Trial day five. I didn’t want to find myself there but, like some morbid car crash, I couldn’t help but take a closer peek at the carnage. I was at the COLDFORD CITY POLICE DEPARTMENT. Quietly and discretely Detective HICKES arranged for me to see the BOSS LADY, still held at CPD whilst her trial continued. I had passed AGNES in the hotel I was being held at but since she was also under police escort she could only offer me a pleading look. I thought about what Agnes had told me, so I started to look into some of the trouble TABITHA had been accused of when she was just a girl.
In order to get to the truth, I had no choice but to look into her cold, grey stare and ask her for her honest account of events. She had fought off a rapist as a child, she had stopped her parents selling her into a paedophile ring and she had watched her beloved aunt reduced to incarceration at HARBOUR HOUSE, but none of it gave her licence for what she did in response.
The KNOCK KNOCK club protected the innocent but it also brought carnage. When Hickes gave me entry to her holding, she was still wearing the confident expression she had when I first met her. The events that had occurred through the trial, the prospect of a death sentence that the LAW MAKERS were still fighting for, hadn’t completely removed her bravado.
“Well, well,” she said. “Look who finally decided to show up?”
I took the seat across the table from her. Anger and frustration was boiling over from everything that had happened to me since we first met. “I’m surprised you actually wanted to speak to me. The last time I asked you for an interview you told me nothing. I believe your words were, ‘your newspaper is a rag,’ ”
Tabitha laughed looking to the ceiling, as though remembering her comment made her chuckle all over again. “Well, circumstances have changed. I adapt to suit.”
“My friend is dead because of you,” I chastised her. “Why should I listen to anything you have to say?”
Tabitha frowned. “You mean the reporter girl? Mandy?”
“Her name was Madeline!” I snapped.
Tabitha was unmoved. “Whatever,” she replied. “Did I stab her though?”
“No but you gave her the opportunity. You caused it.”
“Did I stab her though?” She asked again. “As far as I saw it, you got a creepy killer look in your eyes and you went at her.”
I stood then. I had heard enough. “Officer!” I banged on the door and called to Hickes, “I’m leaving.”
Tabitha’s bravado dropped then. She reached out to grab my arm and hissed, “Sit down. Don’t get excited. You should be thanking me. The recording of her attacking you first is the only thing keeping your ass out of the room next to mine.” She grinned. “Wouldn’t that have been cosy?”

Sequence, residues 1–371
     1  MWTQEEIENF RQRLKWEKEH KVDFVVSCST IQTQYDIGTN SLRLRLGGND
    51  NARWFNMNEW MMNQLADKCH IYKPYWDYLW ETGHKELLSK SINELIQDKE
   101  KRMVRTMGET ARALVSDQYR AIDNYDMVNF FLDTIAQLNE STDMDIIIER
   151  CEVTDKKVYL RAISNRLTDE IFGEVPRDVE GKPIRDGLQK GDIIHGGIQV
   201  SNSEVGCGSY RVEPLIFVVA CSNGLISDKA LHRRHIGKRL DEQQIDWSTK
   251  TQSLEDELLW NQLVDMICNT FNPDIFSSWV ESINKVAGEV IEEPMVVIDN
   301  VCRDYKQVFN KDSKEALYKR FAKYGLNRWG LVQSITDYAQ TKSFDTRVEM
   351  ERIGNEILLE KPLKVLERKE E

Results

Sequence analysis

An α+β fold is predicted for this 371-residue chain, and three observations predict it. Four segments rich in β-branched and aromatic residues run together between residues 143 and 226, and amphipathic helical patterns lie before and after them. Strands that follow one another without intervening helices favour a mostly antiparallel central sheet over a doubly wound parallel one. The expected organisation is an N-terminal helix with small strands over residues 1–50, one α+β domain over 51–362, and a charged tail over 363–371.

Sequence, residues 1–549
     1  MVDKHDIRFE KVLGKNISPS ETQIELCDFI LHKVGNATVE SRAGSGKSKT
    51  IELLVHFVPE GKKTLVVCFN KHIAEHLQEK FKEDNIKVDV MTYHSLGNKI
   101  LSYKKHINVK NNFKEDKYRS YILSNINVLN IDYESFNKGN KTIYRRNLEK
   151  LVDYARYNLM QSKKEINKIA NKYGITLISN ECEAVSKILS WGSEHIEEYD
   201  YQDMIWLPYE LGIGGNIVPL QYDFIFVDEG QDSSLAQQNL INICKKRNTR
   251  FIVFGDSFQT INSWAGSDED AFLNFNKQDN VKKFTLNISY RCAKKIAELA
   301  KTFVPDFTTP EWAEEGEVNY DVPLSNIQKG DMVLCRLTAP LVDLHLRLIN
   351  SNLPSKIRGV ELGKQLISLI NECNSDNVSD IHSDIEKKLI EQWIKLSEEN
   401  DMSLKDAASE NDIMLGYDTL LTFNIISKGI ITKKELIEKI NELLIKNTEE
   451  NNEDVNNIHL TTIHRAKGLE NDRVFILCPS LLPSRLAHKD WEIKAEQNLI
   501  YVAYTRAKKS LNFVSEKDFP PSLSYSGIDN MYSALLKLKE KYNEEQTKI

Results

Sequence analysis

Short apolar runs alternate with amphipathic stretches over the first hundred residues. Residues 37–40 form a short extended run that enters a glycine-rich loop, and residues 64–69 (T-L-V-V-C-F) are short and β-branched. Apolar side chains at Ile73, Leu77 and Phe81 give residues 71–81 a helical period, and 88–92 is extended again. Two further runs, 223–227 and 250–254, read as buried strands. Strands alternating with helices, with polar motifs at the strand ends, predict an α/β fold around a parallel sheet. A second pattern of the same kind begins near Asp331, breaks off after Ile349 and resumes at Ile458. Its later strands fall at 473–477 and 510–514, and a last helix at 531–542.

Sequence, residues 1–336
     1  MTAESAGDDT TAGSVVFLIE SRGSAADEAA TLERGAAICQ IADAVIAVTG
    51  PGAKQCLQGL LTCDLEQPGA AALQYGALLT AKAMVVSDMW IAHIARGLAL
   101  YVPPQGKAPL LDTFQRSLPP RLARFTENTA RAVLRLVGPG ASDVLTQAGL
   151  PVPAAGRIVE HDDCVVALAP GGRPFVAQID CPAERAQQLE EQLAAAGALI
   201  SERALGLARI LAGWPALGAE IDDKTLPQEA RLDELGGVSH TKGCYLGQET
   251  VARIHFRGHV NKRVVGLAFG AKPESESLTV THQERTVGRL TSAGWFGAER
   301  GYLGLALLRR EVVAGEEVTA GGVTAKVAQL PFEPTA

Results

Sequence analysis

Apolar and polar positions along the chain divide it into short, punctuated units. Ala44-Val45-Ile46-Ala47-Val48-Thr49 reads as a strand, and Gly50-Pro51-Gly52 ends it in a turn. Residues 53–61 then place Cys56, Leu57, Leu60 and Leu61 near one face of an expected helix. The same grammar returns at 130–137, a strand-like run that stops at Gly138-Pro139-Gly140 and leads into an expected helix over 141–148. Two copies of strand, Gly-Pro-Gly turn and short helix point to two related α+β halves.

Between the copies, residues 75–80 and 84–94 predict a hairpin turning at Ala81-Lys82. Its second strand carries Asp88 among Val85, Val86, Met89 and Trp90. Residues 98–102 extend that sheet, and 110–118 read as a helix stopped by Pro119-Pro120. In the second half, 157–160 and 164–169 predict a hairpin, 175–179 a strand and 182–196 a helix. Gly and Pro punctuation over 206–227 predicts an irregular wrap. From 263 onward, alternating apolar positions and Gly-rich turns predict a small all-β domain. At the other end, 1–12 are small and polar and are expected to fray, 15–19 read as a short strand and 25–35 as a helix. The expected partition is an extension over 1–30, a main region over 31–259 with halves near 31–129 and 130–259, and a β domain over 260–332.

“Tabitha…” I warned like a father to a wayward child.
“Fine, maybe she wouldn’t be dead if she hadn’t put her nose in. She could have at least discussed it with you though. Not so much as a, ‘isn’t this weird Sammy? Why are we here in our undies Sammy? What does that gorgeous woman in red want with us Sammy?’ Nope, she was cold. I didn’t do that to her. This city did. I may have put the knife in her hand but she was a girl who knew what it takes to survive. At least she thought she did. It turns out you survived anyway so calm the fuck down. I have to be honest; I had hinged bets on you being long dead by now. REGGIE was rooting for you though. Bravo on proving me wrong. So you live to fight another day.”
I stopped her before she started rambling. “They are going to send you away for a very long time. As well they should.”
“I hear they are looking to have me executed. They wouldn’t have been able to if it weren’t for you sneaking about my club, aided by that rat-faced bitch from BOURNTON so the way I see it we are even, right?” TABITHA returned. “And I hope you are going to explain to the triplets’ dear mother that her precious boy is going down now too because of you.”
I folded my arms and shook my head in exasperation. “You expect me to have sympathy for MARCUS PENN?”
Tabitha shrugged. “I suppose not. He can be a bit of a prick.”
I needed to push forward. “Say what you have to say to me. I can’t stay here. I’m already risking a lot.”
Her expression changed then. There was something softer, something child like behind it. “Since you insist,” she began. “Yes, I murdered my parents but you cannot tell me that people willing to sell their daughter to a bunch of fucking pervos deserve to live.”
“They should have been reported to the authorities,” suggested I.
“Oh come on. You heard it from Aggie,” replied the Boss Lady with a laugh. “My Aunt Tee was sent away from Judge Cyclops’ court. They wouldn’t listen. So she took it into her own hands to let the city know how much of a creep Jerry Owen was. It turned out I wasn’t the only one he had tried it on with. There were hundreds of victims between Coldford and the Great States. This all must have happened when you were clearly living in a cave somewhere.”
This was news to me. I was only vaguely familiar with the OWEN family arriving in the city from the small suburb of JAMESTOWN where I grew up. The Owen propaganda machine had went into full force when the Knock Knock Club, led by the BARONESS, started making trouble for Owen Inc. on behalf of Tabitha and the other girls, so very little of the story reached public ears.
“So then what happened?” I pushed as though a reporter back on the story once again.